Defensive Win Share

As in the previous case, two terms are calculated: the individual one and the team one.
The first is the Marginal Individual Defensive Contribution:

\boldsymbol{MarDefPl=\frac{MP}{TeMP}\cdot OppPoss\cdot \left ( 1,08\cdot LgPtsPoss-\frac{DefRtg}{100} \right )}

The purpose of this formula is to find the difference between the points allowed by the player with respect to the league average; to find this average, the first step is to identify the defensive possessions played by the player; then this result is multiplied by the difference between the League Individual Points per Possession and the points allowed by the player for each possession (the Defensive Rating divides by 100). The greater the result, the better the contribution. Therefore, it assumes a meaning contrary to the Defensive Rating, which is better when the value is low.

The second term is identical to that of the Offensive Win Share(Marginal Points for Victory).

It is already time to find the Defensive Win Share similar to what was done for the offensive part.


The Win Share will, therefore, be obtainable with the sum of the two terms found.


Finally, to find the Win Share per 40 Minutes (48 in the NBA), the following formula has to be used:

\boldsymbol{WSper40min=\frac{WS}{GP}\cdot \frac{40}{MP}}

The first division allows us to find the Win Share per game, while the second part redistributes it on the 40 minutes. Obviously, the minutes will be 48 in the case of NBA players.

How to read and analyze

Analyzing the formulas it is easy to understand how the Win Share is dependent on individual Offensive and Defensive Rating. The data used are in fact part of the calculation process of Oliver’s two statistics. This involves a direct dependence between the two types of statistics: good Offensive and Defensive Rating correspond to equally good Win Shares. The peculiarity is that the Win Share compares the values with the League, thus avoiding having to compare the player’s numbers with the League averages.

Let’s move on to an example to present the data used and the calculations. We take two teams from the Italian championship (season 2017/2018) and calculate the Win Share: Trento and Reggio Emilia.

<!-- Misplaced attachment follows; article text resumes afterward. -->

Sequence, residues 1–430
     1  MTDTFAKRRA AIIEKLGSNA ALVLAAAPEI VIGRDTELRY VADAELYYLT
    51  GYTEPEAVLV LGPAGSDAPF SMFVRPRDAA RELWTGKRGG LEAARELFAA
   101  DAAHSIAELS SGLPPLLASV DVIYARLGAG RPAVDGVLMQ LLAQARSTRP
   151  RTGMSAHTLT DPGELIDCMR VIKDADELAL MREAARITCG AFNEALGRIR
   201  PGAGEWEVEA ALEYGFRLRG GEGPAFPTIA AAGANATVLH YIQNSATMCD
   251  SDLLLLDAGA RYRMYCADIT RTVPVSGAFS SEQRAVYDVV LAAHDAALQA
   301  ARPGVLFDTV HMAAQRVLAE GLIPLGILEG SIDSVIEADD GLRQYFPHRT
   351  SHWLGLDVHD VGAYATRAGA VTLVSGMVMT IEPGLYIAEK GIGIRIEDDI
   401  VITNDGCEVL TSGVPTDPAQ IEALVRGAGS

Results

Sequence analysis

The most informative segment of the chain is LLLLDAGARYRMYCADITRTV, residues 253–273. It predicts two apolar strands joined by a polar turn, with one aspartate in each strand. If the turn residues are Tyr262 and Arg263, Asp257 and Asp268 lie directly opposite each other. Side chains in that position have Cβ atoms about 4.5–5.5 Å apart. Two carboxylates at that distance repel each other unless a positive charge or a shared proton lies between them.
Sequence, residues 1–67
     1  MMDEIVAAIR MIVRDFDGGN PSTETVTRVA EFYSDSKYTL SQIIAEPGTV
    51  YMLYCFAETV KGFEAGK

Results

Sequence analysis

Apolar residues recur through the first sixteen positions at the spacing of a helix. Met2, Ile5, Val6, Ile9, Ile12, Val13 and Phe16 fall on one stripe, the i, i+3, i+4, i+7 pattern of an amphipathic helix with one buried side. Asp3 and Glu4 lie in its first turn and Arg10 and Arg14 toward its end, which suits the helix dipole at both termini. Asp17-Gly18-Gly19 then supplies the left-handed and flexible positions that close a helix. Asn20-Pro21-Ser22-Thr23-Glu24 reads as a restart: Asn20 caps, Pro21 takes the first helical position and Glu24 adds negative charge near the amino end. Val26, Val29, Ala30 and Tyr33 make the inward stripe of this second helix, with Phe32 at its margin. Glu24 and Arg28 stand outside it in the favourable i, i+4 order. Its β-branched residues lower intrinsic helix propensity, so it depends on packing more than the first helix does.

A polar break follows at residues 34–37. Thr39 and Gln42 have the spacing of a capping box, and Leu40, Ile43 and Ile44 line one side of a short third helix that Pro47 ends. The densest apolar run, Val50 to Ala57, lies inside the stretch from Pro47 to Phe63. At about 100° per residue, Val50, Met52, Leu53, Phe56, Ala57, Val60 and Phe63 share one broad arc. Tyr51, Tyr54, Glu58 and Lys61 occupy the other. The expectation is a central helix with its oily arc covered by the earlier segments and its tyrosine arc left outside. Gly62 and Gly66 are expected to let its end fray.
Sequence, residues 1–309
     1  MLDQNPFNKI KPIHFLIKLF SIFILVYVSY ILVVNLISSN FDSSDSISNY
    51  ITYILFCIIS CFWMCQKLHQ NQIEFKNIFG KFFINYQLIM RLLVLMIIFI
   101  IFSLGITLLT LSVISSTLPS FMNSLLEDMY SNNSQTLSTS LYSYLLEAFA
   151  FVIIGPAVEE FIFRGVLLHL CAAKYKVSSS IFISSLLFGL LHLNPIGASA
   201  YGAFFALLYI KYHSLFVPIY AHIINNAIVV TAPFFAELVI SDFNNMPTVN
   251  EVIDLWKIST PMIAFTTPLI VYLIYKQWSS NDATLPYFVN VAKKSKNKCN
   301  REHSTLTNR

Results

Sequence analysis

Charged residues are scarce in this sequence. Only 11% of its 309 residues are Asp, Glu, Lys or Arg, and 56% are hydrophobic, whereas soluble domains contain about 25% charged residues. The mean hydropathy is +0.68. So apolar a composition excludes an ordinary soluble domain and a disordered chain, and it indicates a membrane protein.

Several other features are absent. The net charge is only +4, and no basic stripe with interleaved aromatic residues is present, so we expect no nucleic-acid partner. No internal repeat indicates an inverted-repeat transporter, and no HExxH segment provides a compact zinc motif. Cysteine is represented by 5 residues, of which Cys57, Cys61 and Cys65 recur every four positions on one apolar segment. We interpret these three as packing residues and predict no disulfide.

First of all, the starting data:

win share
win share

We take, as mentioned, the season totals and not the averages, which would give incorrect results.

The first step is to calculate the Offensive Win Share:

win share
win share

As can be understood from the formulas, the marginal points for victory assume the same value for all members of the team; the Marginal Individual Offensive Contribution instead assumes a greater value for the players who obviously have a higher point production. As we know, assists and offensive rebounds are considered into the Point Production, therefore with that value, all the contributions are taken into consideration and not just the points scored.

Let’s move on the Defensive part:

win share
win share

The DWS depends on the Defensive Rating. This stat considers not only the blocked shots, the defensive rebounds, and the steals, but also all those contributions not normally found in a box score (contested shots, forced turnovers).

Next step is to sum the two values:

win share
win share

As can be seen, the sum of all the Win Shares is very similar to the victories achieved by the two teams in the regular season. Major discrepancies are noticed in teams with very few wins.

To compare the players’ Win Shares in the two tables, however, we need to look also at games played and minutes played: for example, Sutton and Reynolds have a very similar Win Share, but the second has played 5 games less.

win share

In fact, comparing the Win Share per 40 Minutes it is noted that Reynolds has a better value than Sutton: that is to say that Jalen’s contribution per minute is higher than Dominique’s one, a result not found using the Win Share.

The Win Share is a statistic that wants to summarize in a single number the contribution to the victory: like all statistics of this type it, therefore, has limits. With a simple consultation, it is not possible to know if the added victories coming from the offensive of the defensive contributions or even a balanced mix of both.

Before concluding a quick note. The Win Share provides reliable values after many games played: the sample out of 30/34 games (the number of games played on average in Europe) is certainly reliable, but never as reliable as the NBA one based on 82 games. This fact is absolutely to be considered, in order to avoid superficial analyzes.

This Learn a Stat ends here. See you soon, your friendly neighborhood Cappe!